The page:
This sent Rosie Perez — who grew up in Bedford-Stuyvesant and whom Lee discovered dancing at an LA. disco — on a ten-minute tirade about how people like the corner men exist and that the cast should go to Bed-Stuy and take a look. Lee explained that he wanted to deal with the realities of the neighborhood but treat the people with dignity and humor.

Today, Lee says that he doesn’t agree with those who think that only positive black images should be portrayed. “I think people still look very good in this movie,” he says. “You can accent the positive or talk about the problems. My approach has been to talk about the problems.”

Yet after the read-through, the cast of this movie about racial issues never really discussed those issues. “It’s an indication of how divided the races are that you can’t even talk about racism on a personal level,” says Richard Edson, who plays Sal’s more sympathetic son, Vita There’s too much distrust, too historical a thing to be able to relax. To even bring it up is a threat, to both blacks and whites.”

The turning point in the movie is a fight between Sal and a neighborhood agitator named Buggin’ Out (Giancarlo Esposito). And while the scene was being shot, the improvisation that Lee encourages on his sets tapped something deep. Esposito’s real-life mother is black and his father is Italian; off-camera, he had gotten chummy with Aiello, and the two talked in Italian. But when the cameras rolled, Aiello, adlibbing, suddenly called Buggin’ Out “nigger,” and Esposito went wild, flinging back epithets like “guinea bastard.”

“It was a sense of pride,” says Aiello. “Giancarlo and I have an audience out there watching — neither of us wanted the other guy to get one over on us. So we started using words like the roughest truck drivers you ever seen.”

“It was very shocking to me,” says Esposito. “When Danny said, ‘Nigger,’ I freaked. It finally came up for him. I knew that at some point in his life, he’d called somebody a nigger, and I went crazy because he was someone I liked. Danny was upset with himself, I was really upset with myself, and Spike was gleaming, because he’d gotten the scene.”

Filming took place on location in Bedford-Stuyvesant. Members of Louis Farrakhan’s Fruit of Islam were employed as suit-and-bow-tie security men; they closed down three crack houses on the block, nailing them shut. Lee used locals on the production and set up a scholarship fund for the neighborhood high school. (He also commissioned black filmmaker St. Clair Bourne to make a documentary about the filming.)

Filming the riot took weeks. “It was frightening” says Joie Lee, 26, who plays Mookie’s sister, Jade. “Once the cameras were rolling, you didn’t know what to do — there was water, flames. There was one time I looked at the monitor and I saw film, but the rest of the time, I believed it.”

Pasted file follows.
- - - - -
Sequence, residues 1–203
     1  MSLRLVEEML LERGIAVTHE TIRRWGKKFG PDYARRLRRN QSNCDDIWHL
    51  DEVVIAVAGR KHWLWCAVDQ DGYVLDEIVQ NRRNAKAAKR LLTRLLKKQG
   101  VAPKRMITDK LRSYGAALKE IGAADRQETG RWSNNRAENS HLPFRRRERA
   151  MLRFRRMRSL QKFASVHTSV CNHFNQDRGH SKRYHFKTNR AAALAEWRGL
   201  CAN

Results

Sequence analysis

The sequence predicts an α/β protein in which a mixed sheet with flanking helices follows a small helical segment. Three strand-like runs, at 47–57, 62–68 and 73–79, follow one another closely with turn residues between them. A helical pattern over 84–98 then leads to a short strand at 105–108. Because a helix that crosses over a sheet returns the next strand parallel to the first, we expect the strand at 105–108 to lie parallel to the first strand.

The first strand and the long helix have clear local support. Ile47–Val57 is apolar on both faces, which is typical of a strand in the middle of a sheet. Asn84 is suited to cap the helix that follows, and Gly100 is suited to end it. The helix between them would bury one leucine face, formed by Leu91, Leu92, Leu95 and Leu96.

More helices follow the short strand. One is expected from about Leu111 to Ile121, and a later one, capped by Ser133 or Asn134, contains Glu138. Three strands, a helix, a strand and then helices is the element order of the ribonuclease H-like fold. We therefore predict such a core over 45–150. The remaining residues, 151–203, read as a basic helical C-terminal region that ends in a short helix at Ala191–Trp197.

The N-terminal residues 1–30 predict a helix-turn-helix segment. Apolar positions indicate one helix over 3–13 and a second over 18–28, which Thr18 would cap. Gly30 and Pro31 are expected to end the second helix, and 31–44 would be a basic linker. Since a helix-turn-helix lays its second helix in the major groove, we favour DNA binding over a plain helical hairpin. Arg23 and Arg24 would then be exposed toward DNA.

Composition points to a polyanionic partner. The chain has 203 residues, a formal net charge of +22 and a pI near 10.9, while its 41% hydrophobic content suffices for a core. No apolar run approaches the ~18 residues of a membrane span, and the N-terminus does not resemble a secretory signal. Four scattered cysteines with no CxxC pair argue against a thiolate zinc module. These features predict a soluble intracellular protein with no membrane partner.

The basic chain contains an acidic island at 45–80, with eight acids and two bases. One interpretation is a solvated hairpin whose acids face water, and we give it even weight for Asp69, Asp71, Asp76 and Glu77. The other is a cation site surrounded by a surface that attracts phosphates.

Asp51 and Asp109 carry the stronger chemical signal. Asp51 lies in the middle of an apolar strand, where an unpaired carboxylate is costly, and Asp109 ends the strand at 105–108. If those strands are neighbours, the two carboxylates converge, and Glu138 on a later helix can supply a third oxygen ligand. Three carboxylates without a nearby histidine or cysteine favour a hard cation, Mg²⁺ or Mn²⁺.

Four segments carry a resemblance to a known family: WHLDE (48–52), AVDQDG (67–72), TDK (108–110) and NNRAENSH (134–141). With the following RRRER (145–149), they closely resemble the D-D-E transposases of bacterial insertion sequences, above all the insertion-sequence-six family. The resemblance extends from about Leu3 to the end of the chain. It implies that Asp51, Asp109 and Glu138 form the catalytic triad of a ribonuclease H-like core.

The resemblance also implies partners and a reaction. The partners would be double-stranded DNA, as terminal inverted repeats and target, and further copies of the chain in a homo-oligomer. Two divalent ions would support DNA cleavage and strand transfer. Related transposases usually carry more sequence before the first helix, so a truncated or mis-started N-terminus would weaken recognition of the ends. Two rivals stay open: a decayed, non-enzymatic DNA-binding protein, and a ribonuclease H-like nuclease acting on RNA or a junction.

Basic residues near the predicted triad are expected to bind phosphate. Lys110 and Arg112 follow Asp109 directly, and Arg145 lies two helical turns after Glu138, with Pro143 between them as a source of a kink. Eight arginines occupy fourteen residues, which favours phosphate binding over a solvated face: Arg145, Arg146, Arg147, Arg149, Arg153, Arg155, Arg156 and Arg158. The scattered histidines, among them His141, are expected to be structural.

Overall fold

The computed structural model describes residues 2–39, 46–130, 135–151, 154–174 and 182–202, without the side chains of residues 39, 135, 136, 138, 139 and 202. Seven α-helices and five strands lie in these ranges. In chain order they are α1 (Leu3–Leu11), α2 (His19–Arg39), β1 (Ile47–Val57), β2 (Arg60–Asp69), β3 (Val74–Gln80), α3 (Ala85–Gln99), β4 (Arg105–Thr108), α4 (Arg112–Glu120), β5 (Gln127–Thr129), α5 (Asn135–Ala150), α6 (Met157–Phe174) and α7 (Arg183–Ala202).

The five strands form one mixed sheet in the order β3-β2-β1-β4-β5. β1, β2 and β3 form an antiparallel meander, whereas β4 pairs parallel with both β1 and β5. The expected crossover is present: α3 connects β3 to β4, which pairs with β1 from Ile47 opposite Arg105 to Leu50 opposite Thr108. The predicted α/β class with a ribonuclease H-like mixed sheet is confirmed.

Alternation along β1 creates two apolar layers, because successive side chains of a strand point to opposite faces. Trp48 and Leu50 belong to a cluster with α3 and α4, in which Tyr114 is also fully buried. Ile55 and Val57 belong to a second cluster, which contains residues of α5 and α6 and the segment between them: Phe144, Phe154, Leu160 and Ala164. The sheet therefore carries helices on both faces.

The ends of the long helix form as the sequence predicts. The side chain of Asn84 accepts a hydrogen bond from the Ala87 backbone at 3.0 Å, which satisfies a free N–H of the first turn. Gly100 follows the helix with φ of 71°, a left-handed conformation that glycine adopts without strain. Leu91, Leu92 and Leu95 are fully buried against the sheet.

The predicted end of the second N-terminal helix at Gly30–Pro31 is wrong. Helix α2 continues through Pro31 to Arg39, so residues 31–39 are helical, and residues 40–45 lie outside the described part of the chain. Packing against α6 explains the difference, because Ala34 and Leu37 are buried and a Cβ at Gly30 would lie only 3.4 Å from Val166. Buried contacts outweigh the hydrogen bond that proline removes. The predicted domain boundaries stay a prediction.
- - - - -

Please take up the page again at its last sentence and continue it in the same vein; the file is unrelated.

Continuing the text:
“You’d stop and see the pizza parlor burning,” says Edson, “200 extras running out in the street, and you’d think, This could be the real thing, this is the shit.’ The question is, why do these things keep happening? Who’s gonna do the right thing? Would I? And what is the right thing, at the moment of truth?”

Can I get a dessert?” Spike Lee asks the waiter. He’s back at the bustling Carlton Hotel bar. “Non,” the waiter replies, “only drinks on ze terrace.”

Lee, a near teetotaler, disappears a few seconds later, then returns in his slightly pigeon-toed, speedy gait, carrying a fruit-and-cream confection. “That guy didn’t know what he was talking about,” he says and digs in.

Asked to name his influences, Lee says, “I would say my parents more than any filmmaker.” Bill, a jazz musician who has scored all of Spike’s films, and Jacquelyn, a teacher (she died in 1977), took Spike and his four younger siblings to dance and jazz performances and Broadway shows. (Besides Joie, there is David, 28, a still photographer on Spike’s films, and Cinque, 24, also a filmmaker, who appears in Jarmusch’s Mystery Train. Another brother, Chris, lives in Washington, D.C.) “I think that’s what everything’s about, exposure.”

The first films Lee recalls going to are Bye Bye Birdie at Radio City Music Hall and a double feature of Dr. No and A Hard Day’s Night. But his favorites are searing cinéma vérité like Hector Babenco’s Pixote and Martin Scorsese’s Mean Streets and fantasies like The Wizard of Oz and West Side Story.

As a kid, Shelton Jackson Lee (his mother nicknamed him Spike as a baby) was more of a sports fan, organizing games on the block, sending baseball cards away for autographs, fighting to watch Knicks games on TV when his sister wanted to watch The Brady Bunch. Today, his main reading is the daily sports pages; he has Knicks season tickets, he says, “but not as good as Woody Allen’s.”

Until graduating from high school, says David Lee, Spike had a “massive Tito Jackson ‘fro,” and Lee himself says he looked like a kid until halfway through college. The only one of the Lees to attend Morehouse, Bill Lee’s alma mater, Spike got involved there with writing, directing and producing the gown-and-float homecoming coronation, a spectacle on the order of an MGM musical, which served as the inspiration for School Daze. He began to dabble in 8-mm movies, and after graduating in 1979 he went to NYU film school. “I went knowing that I wasn’t going to learn anything from the faculty,” he says. “I just wanted the equipment to make films, because I knew that’s how I’d become a filmmaker.”